It feels like it was only a week ago that I covered a four-door, SUV-looking vehicle with superlative numbers that would be unimaginable just a few years ago, because it was. This time around, it was BMW showing us the production ready version of the XM, derived from the Concept XM experiment unveiled previously, and it packs all the controversial elements that got the concept spotlight time, albeit watered down just a bit.
The size, however, seems to have stayed the same. The XM will be positioned at the upper end of BMW’s lineup, above other M SUVs such as the X5 M, X6 M and X7 M60i, while sharing its 3,105mm wheelbase with the latter. However, differently than the X7, the XM will only seat five, so it wouldn’t be wrong to expect even higher levels of passenger room.
While in the topic of sharing, this was also the approach taken for the combustion engine used here – the XM uses the same 4.4-litre twin-turbo V8 used in the M5, packing 360kW. But as the first ever M plug-in hybrid, there is also a charging port that feeds a 25kWh battery and an electric motor good for 144kW. Through the use of their excellent corporate 8-speed auto, the sprint to 100 km/h should take 4.3s with a 250 km/h limited top speed, which can be raised to 270 with the M Driver’s Package. In order to accommodate for ever increasing emission guidelines in Europe, this powertrain will enable a WLTP range of around 85km in pure electric mode, and it will be able to go as fast as 140km/h with no help from the internal combustion engine.
M products that are not derived from another production model are quite unusual in the German automaker’s playbook, the last one being the incredible M1 from the late 70s, a wedge shaped sports car with a mid-mounted inline 6. With the exception of the double roundel badges at the rear, similarities between the M1 and the XM probably end there.
The superlatives mentioned earlier could also be exemplified by other facts, namely the 23-inch rims offered standard with 275/35 and 315/30 tyres front and back, or the weight of 2750kg. The last one awards the XM the crown of the heaviest BMW vehicle ever produced, even if it comes with almost 50:50 distribution, and can largely be attributed to the complex powertrain and the luxury and amenities.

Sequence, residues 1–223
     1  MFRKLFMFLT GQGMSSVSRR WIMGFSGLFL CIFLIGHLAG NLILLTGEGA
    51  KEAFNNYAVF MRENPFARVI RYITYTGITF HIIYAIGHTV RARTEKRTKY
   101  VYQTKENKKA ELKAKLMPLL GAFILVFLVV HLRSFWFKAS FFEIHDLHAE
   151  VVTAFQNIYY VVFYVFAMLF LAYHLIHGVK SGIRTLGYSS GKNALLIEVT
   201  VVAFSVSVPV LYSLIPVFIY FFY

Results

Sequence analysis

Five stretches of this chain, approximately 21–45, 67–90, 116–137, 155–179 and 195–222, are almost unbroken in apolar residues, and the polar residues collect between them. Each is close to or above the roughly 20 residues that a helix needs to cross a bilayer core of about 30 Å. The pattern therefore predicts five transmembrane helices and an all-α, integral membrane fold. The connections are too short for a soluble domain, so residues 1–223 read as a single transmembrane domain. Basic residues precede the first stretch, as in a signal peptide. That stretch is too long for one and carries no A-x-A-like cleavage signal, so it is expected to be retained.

As for design, it definitely does push the envelope, even for BMW’s recent standards. They used words such as “extravagant” and “distinctive” to define it, it would be unwise to differ. Some details have been made more contained, but it will not be mistaken for anything else on the road. The wide stance with far reaching taillights is still there, and contentious details like the split headlights and the ever growing kidney grills are now less love or hate. Style is subjective, but I much prefer this production look over the concept, especially when in subdued and single tone colours.
The interior is, again, less flamboyant, but owners will still get a two tone theme that mixes varied types of leather to create a luxurious look and feel. The ambient lighting now makes its way even to the headliner, where more than 100 LEDs will change according to settings selected in the car and personalisation options. As for infotainment, the class-leading iDrive system comes in its 8th gen alongside a head-up display as standard while offering the widest array of driver assistance systems ever installed in a BMW.
The XM will enter production still in 2022 and prices will kick off from US $159,000 (in America) for the ‘base’ version, but others are expected to follow in 2023. The first will be the XM Label Red, who will take the role of inaugurating a series of limited BMW Label models and will offer over 548kW and nearly 1,000 Nm of torque for some additional $25,000. Special paint, wheels, upholstery, and interior trim pieces are also part of the package which aims to make your special luxury SUV even more exclusive and eye-catching.
This car represents a key inflection moment for BMW’s M division, given the new M2 and the highly expected 3.0 CSL will be the very last M products to rely only on a combustion engine under the hood. So, alongside the divisive design we’ve come to expect from recent BMWs, we can now also expect all other fully-fledged M vehicles to have some sort of electrification as they hit the roads.